COVID-19, Killing The Economy?

COVID-19, Killing The Economy?

While COVID-19 for most of us is trying to find a way to kill time at home, there are bigger problems the world is grappling with. The effects of this pandemic are predicted to last longer than the malady itself.

So what exactly are the challenges the government is up against? They are not exactly limited to one sector. It has raged havoc with multiple disciplines and areas. One significant field, whose fall everyone will be affected by, is the economy of the country. Pakistan’s economy, before the corona horror, was not something to brag about. Onerous tax policies and sky-rocketing interest rates had adversely affected industries and construction sectors. The rising inflation had created discontent among the general public.

Then came an unexpected task the government had to tackle, the Covid-19 pandemic. Experts say that the only way to stop the infection is to adopt social distancing. To accomplish this, there are lockdowns on a massive scale throughout the world. Although this was a measure to reduce the burden on our health infrastructure, lockdowns have proven unfavorable for the economy.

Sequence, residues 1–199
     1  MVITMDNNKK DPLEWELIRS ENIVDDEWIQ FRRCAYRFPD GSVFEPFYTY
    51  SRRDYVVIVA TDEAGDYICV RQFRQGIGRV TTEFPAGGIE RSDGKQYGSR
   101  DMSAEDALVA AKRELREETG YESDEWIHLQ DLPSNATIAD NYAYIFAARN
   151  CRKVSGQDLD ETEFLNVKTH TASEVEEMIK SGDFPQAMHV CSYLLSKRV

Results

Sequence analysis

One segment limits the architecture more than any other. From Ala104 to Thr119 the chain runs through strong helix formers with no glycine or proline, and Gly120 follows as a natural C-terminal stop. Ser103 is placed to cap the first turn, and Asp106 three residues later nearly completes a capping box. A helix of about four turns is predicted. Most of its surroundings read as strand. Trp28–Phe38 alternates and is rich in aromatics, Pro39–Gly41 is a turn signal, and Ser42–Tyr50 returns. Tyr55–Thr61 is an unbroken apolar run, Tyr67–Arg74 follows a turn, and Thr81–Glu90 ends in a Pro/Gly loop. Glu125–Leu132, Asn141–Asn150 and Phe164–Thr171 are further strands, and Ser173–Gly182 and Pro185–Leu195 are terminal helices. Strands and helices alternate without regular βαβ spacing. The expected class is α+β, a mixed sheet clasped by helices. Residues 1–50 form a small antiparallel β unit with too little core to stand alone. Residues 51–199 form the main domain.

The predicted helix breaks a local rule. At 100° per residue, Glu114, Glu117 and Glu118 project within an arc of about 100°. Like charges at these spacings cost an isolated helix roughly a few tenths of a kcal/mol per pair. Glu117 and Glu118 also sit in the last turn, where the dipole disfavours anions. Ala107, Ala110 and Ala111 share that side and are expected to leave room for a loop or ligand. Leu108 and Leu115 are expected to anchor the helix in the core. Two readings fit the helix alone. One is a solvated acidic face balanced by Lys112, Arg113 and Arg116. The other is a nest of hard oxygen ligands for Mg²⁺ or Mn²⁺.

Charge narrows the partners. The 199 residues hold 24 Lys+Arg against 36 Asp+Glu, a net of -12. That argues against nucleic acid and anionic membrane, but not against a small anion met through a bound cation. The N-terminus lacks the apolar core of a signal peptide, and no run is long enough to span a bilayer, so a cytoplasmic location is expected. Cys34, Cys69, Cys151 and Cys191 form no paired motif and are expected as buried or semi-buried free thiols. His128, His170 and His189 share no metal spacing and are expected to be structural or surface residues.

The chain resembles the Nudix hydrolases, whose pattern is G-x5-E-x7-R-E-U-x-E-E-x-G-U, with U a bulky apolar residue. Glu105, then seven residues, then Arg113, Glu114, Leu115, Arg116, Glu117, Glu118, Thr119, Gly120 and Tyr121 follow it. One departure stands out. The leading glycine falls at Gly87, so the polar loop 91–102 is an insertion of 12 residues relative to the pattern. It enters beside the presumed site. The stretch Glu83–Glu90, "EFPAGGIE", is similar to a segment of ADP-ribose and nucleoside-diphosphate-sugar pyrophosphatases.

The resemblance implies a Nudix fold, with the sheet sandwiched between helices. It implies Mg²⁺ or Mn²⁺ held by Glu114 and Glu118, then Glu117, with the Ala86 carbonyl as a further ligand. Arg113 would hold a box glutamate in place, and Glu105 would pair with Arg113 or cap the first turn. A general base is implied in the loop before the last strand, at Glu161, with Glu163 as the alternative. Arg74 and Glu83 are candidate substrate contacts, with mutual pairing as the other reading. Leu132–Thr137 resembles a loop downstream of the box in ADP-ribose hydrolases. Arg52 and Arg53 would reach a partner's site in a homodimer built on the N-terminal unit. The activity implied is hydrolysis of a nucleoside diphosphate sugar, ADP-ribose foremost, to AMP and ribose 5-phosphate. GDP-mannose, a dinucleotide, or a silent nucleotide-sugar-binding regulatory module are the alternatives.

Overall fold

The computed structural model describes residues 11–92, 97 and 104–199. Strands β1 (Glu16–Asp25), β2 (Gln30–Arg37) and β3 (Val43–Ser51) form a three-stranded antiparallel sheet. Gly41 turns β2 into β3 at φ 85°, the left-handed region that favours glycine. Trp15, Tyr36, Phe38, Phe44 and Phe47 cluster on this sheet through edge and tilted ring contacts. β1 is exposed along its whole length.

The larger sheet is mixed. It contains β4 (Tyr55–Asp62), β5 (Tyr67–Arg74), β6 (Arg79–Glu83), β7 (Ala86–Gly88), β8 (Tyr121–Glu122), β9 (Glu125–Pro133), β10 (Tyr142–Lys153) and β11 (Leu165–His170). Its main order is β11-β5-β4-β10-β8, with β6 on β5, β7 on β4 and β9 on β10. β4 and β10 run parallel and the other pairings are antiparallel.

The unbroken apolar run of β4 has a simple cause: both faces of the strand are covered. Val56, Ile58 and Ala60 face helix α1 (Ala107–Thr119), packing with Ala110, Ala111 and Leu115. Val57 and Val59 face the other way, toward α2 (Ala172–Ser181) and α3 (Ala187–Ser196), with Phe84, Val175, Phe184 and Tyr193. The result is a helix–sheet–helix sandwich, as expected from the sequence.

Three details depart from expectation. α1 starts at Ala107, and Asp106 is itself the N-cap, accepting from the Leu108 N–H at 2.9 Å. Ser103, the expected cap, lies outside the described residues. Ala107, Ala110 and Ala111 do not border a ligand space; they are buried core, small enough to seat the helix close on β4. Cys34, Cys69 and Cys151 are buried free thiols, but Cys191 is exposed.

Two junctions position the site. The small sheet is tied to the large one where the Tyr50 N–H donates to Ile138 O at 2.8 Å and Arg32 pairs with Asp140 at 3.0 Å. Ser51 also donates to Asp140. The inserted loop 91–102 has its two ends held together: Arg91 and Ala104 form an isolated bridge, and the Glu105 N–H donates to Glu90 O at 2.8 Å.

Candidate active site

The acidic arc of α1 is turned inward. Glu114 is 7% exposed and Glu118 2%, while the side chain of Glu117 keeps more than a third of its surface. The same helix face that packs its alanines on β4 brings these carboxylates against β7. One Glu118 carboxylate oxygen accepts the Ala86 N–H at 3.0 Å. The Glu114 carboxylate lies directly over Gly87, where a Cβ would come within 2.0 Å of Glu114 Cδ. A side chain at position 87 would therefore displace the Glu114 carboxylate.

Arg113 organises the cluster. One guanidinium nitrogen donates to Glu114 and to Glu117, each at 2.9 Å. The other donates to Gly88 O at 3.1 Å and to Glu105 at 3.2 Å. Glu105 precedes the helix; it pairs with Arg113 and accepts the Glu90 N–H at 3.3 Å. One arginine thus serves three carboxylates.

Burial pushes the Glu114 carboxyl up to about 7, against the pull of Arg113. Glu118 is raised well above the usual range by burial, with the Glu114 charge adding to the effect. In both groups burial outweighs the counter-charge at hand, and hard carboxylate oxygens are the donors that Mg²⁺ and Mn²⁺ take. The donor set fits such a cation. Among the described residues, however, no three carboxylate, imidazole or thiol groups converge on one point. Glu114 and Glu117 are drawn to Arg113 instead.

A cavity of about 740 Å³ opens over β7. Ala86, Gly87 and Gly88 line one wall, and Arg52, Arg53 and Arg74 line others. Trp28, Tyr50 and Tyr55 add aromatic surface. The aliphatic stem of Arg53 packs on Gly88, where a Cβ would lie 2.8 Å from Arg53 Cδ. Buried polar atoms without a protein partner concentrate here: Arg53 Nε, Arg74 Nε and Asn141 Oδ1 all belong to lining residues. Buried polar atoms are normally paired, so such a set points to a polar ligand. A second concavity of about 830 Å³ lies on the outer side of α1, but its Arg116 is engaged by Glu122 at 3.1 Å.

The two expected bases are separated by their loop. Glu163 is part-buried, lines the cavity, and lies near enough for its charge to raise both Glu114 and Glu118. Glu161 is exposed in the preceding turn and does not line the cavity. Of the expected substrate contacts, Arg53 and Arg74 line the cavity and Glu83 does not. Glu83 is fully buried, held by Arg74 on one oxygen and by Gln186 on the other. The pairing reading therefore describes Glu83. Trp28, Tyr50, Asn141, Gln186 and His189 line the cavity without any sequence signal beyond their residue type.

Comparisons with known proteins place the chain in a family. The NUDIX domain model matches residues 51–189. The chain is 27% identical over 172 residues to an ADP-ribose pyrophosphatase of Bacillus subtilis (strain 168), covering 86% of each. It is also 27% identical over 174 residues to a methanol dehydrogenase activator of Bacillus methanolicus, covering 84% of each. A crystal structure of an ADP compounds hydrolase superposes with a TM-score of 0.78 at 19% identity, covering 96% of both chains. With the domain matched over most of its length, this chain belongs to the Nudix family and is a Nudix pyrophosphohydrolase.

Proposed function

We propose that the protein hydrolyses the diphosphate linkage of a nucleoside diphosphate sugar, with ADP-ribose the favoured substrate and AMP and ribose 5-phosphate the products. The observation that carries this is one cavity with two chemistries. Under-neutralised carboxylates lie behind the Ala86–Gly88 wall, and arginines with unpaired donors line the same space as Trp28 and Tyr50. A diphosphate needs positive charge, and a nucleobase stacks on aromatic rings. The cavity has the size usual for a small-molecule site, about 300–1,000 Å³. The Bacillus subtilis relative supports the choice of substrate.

The effects on the economy are manifesting on two levels. First is the international aspect. Our imports and exports have been disturbed. Industries have shut down and production has fallen to zero. They can no longer meet the needs of their foreign buyers. If the production is ongoing, there are difficulties in their transportation and movement. People have been directed to work from home. This model can work for IT and service-based companies but not all kinds of business and trade can be handled without human resources. The lockdown has diminished the consumption of petroleum products a great deal, which has resulted in the partial closure of refineries.

Secondly, on a national level, schools, offices, markets, factories, all kinds of businesses have halted.  Unemployment, bankruptcies are predicted on an unprecedented scale. The middle and lower-income groups are laboring for necessities. According to PIDE (Pakistan Institute of Development Economics), there will be losses of jobs in the millions. Around 2.4% of the Annual GDP will be lost due to COVID-19, which is enough to send the country into a spiraling recession.

It is not that these difficulties are hidden from the eyes of the government. They are known to them as much as any other person in the country. But the government is avoiding to take any radical decision while addressing people in vague terms of the future strategies, for they know that in critical times like these, any incautiousness would lead to masses of problems and pure hysteria in the near future.